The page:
In this study, we demonstrated that the surface-expressed enolase from diarrheal isolate SSU of Aeromonas hydrophila bound to human plasminogen and facilitated the latter's tissue-type plasminogen activator-mediated activation to plasmin. The bacterial surface-bound plasmin was more resistant to the action of its specific physiological inhibitor, the antiprotease α 2- antiplasmin. We found that immunization of mice with purified recombinant enolase significantly protected the animals against a lethal challenge dose of wild-type (WT) A. hydrophila. Minimal histological changes were noted in organs from mice immunized with enolase and then challenged with WT bacteria compared to severe pathological changes found in the infected and nonimmunized group of animals. This correlated with the smaller bacterial load of WT bacteria in the livers and spleens of enolase-immunized mice than that found in the nonimmunized controls. We also showed that the enolase gene could potentially be important for the viability of A. hydrophila SSU as we could delete the chromosomal copy of the enolase gene only when another copy of the targeted gene was supplied in trans. By site-directed mutagenesis, we altered five lysine residues located at positions 343, 394, 420, 427, and 430 of enolase in A. hydrophila SSU; the mutated forms of enolase were hyperexpressed in Escherichia coli, and the proteins were purified. Our results indicated that lysine residues at positions 420 and 427 of enolase were crucial in plasminogen-binding activity. We also identified a stretch of amino acid residues ( 252FYDAEKKEY 260)inthe A. hydrophila SSU enolase involved in plasminogen binding. To our knowledge, this is the first report of the direct involvement of surface-expressed enolase in the pathogenesis of A. hydrophila SSU infections and of any gram-negative bacteria in general.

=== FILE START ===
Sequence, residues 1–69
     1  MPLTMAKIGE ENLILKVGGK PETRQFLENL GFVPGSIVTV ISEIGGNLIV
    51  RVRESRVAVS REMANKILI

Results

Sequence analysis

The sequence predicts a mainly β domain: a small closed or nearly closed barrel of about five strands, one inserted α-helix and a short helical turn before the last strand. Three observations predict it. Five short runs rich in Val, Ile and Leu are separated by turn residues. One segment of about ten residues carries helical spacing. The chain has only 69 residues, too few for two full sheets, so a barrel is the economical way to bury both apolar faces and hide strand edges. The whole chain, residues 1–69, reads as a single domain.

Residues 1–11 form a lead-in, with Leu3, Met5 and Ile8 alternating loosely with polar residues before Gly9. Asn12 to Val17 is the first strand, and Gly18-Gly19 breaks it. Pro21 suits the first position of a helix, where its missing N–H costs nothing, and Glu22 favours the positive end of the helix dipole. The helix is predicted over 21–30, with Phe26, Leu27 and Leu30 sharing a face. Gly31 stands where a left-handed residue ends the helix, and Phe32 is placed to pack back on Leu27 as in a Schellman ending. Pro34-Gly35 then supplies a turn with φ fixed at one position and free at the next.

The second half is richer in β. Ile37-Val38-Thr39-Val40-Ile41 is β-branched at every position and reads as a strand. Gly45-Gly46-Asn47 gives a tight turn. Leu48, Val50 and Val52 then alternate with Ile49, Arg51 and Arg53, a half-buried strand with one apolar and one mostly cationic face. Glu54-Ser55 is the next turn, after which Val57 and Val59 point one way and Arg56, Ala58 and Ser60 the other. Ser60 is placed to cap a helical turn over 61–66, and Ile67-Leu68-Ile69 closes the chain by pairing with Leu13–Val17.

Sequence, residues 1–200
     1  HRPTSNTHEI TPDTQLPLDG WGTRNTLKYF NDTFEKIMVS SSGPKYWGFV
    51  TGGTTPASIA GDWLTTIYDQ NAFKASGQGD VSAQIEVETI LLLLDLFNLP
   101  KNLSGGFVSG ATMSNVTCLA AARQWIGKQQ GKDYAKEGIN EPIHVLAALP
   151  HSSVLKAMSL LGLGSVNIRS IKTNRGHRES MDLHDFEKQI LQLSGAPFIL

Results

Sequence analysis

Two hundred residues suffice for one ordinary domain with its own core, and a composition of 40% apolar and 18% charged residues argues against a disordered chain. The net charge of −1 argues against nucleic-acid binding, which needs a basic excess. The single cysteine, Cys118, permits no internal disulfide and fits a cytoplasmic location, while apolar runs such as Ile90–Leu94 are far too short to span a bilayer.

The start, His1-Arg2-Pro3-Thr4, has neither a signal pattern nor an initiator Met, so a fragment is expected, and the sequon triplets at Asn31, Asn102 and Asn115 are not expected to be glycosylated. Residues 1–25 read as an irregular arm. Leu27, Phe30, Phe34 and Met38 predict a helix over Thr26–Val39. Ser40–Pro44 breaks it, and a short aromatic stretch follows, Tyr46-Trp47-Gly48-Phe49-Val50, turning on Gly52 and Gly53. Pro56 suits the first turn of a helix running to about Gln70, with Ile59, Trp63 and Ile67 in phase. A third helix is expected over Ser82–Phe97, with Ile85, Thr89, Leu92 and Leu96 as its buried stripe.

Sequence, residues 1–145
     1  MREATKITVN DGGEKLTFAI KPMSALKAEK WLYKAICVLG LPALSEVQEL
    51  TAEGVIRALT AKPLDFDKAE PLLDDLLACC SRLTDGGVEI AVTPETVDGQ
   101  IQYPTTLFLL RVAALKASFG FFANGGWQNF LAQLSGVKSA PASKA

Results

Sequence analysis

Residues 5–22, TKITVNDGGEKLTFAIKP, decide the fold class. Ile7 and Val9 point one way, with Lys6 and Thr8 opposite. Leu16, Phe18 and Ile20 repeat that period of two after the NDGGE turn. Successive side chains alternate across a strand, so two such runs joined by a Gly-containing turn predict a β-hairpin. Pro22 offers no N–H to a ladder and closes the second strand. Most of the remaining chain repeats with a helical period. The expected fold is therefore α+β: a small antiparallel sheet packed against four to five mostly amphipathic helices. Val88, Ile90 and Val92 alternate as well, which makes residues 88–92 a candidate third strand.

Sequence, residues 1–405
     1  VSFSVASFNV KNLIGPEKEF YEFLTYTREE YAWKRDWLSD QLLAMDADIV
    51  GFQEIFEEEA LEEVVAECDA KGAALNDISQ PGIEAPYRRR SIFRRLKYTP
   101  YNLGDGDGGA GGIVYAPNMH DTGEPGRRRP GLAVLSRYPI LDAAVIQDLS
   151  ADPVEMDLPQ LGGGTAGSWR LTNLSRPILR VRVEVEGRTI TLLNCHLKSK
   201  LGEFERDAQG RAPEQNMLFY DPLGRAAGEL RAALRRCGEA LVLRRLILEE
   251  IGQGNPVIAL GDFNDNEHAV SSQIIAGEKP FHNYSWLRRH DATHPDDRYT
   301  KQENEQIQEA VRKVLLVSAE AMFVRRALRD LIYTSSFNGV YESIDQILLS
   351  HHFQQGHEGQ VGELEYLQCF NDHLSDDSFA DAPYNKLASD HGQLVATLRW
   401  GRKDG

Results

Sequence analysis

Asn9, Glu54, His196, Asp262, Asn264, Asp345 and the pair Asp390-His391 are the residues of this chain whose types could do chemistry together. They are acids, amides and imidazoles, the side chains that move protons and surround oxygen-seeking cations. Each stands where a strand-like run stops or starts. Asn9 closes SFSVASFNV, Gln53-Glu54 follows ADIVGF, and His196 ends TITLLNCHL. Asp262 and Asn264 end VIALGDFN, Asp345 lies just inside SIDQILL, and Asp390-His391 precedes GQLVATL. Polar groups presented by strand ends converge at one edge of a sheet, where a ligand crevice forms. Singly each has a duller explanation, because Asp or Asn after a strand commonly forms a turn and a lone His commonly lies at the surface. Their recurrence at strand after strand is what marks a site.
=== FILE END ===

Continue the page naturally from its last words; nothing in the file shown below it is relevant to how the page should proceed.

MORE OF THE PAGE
ASJC Scopus subject areas
- Molecular Biology